Typical American Empire Pedestaltable

PINEAPPLE-POST BEDSTEAD WITH THE EARLIER CABRIOLE LEGS Brett House, Boston By Courtesy of the lace Mary H. Northend

American Furniture Png

ACANTHUS-POST BEDSTEAD: A STRICTLY AMERICAN INNOVATION By Courtesy of Estare of James Curran, Philadelphia

álead is more than a survival: it is diálin<5tly a throwback in incongruously adding to these the now long-gone-by Chippendale cabriole leg and claw-and-ball foot.

The sofa was an especially notable piece of furniture during these years and many of them are of transitional ♦character, preserving Direftoire or English Regency features in connexion with Empire size, weight, and detail. Indeed the example in Plate 123 is particularly illuálrative of the inchoateness of the ¿lyle, that I have mentioned, inasmuch as it combines the ornamental contour of the back-rail shown in one of Sheraton's own designs with the Direétoire roll-over arms, and adds to these the especially awkward Empire feet composed of such harmonious elements as the horn-of-plenty and huge paws! Few of these pieces are an entire delight to the eye but that in Plate 125 is notably virile in its sweeping curves. Mr. George Alfred Cluett has a sofa identical with this except that the feet of his example are composed of eagle heads while these are those of the dolphin. The sofa in Plate 126, belonging to the Hammond Eálate, is typical American Empire. The seat alone of this sofa is 8 feet long by 2 feet wide, and its back ¿lands 38 inches from the floor

Typical also of the fully developed ályle are the two pedeálal tables in Plate 120; both excellent pieces of furniture, though the legs of the larger example are lacking in grace of curve.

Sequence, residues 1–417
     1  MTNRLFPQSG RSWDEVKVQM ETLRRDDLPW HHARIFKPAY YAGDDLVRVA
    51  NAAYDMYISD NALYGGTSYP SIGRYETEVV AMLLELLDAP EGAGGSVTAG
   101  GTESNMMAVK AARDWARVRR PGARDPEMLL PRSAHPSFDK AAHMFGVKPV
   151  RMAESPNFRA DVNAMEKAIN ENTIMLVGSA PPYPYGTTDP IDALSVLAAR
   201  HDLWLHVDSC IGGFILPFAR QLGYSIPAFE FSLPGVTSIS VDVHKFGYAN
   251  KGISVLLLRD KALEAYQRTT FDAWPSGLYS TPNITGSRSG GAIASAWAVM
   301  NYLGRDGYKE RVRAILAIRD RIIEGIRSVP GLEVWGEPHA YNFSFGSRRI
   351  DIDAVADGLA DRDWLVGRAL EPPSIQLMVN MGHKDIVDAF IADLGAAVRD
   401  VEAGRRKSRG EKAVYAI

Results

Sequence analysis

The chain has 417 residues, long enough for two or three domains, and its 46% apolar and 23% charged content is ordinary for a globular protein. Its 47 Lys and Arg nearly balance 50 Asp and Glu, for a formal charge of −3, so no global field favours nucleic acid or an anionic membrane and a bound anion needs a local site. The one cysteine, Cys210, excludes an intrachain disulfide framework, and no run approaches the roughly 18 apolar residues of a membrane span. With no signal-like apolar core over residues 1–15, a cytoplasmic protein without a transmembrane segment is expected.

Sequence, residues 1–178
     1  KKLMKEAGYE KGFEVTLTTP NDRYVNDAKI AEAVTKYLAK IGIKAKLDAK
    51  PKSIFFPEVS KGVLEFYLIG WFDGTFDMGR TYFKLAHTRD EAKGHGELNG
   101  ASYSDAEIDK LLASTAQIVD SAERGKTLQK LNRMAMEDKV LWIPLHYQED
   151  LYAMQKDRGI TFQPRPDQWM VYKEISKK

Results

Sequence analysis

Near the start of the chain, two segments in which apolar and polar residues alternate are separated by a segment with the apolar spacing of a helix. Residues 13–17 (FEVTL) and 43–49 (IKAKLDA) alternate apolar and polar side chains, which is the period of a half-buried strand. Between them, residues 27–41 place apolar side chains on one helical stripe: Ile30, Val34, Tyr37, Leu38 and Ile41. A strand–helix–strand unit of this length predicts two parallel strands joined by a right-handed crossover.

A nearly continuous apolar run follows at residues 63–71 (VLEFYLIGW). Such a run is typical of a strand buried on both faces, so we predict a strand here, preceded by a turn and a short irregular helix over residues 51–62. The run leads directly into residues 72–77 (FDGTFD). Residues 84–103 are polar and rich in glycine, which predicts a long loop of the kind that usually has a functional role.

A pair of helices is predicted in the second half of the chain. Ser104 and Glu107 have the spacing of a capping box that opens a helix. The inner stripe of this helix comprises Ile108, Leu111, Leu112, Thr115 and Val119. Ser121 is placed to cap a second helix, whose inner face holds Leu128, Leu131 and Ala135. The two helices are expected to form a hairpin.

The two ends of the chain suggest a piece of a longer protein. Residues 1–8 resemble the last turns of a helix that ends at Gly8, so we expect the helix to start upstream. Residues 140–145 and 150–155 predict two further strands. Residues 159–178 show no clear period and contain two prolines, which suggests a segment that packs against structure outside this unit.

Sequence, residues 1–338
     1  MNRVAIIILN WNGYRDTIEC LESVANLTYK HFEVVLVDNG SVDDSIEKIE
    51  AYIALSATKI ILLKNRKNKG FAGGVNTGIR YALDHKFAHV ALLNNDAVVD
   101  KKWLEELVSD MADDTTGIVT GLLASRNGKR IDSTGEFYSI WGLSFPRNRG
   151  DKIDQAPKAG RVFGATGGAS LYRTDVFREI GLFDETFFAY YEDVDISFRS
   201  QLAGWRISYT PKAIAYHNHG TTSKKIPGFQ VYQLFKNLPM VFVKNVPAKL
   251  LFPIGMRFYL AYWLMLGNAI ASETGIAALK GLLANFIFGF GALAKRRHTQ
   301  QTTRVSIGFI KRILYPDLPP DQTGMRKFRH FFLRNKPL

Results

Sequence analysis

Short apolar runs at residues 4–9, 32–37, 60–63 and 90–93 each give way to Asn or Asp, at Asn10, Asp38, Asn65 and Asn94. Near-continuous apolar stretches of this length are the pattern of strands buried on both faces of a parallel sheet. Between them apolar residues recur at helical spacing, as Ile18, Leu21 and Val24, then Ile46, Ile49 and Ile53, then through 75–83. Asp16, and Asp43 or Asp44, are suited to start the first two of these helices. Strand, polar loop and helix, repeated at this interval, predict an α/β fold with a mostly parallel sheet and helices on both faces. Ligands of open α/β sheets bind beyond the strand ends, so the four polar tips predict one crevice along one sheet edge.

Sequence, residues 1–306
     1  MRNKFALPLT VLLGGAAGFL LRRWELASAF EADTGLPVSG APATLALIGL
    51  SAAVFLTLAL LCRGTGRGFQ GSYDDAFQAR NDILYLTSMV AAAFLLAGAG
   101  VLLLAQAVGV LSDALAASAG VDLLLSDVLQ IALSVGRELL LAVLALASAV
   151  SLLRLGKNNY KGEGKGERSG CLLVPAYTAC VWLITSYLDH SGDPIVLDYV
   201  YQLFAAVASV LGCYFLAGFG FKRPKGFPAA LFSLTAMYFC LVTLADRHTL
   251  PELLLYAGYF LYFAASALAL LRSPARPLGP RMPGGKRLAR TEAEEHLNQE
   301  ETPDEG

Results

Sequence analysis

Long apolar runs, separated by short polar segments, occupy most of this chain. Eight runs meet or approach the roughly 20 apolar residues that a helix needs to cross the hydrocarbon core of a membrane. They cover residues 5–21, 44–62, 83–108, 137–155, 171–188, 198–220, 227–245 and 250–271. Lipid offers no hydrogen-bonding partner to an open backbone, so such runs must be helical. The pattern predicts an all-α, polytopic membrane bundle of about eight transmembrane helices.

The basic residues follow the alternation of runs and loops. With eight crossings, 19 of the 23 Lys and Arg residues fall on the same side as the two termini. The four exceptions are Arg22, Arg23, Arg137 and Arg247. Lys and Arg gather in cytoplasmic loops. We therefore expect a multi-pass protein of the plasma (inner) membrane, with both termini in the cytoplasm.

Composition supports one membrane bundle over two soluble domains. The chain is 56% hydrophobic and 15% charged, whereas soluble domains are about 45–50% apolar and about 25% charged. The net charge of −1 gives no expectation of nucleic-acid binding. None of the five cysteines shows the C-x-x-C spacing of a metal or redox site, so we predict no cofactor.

The bedáleads with acanthus-carved poáls, both high and half-high, are an American innovation, and though heavy are handsome—see Plate 122. Moál of the good examples are probably anterior to 1820 or 1825.

Mahogany of course remained the chosen wood of the period—and superb mahogany it was—but there was &ill a very considerable use of maple.

In chairs the graceful Direffoire form fortunately persisted here, as it did in France. We also find a development—or rather a deterioration—presently to be touched upon.

Of the DireStoire form there were many variations. One of them, made in New York and illustrated in Plate 95, because it is of pure Direfioire contour, may possibly be of these years as it has the American eagle carved in the back. This symbol had been adopted considerably earlier, but especially after the close of the war in 1814 this and other emblems of triumph and prosperity overflowed into all household goods. For throughout those years we were terrifically, noisily, patriotic. This sentiment blossomed forth in every conceivable fashion—in toaSts at social gatherings, in pictures, furniture, pottery, and draperies— even to bed-spreads! Sometimes I wonder if the "cockiness" which those of other nations remark and resent in the American bearing is not the result of this overdose of "national consciousness."

But let us hie back from this debatable theme to that of furniture—in itself quite sufficiently debatable without encouraging flights in other directions.

An attractive example of the persisting Direftoire form of chair, recently seen, has a middle back-piece composed of a central shell flanked by entwined dolphins at each side. The decorated or "fancy" chair illustrated in Plate 118 C preserves the Direftoire curves of back and the overhanging top-rail. The latter continually occurs and, as in this instance, is usually curved inward to afford greater comfort. The painted "fancy" chair was very popular during these

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